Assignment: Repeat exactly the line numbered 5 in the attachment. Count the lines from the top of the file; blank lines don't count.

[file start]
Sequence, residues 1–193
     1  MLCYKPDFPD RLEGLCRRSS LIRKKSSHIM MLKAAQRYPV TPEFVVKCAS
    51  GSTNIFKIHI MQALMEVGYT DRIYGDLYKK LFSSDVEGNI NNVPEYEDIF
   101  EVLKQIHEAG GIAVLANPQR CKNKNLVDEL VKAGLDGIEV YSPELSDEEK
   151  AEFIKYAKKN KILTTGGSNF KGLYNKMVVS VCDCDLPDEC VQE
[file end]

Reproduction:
   151  AEFIKYAKKN KILTTGGSNF KGLYNKMVVS VCDCDLPDEC VQE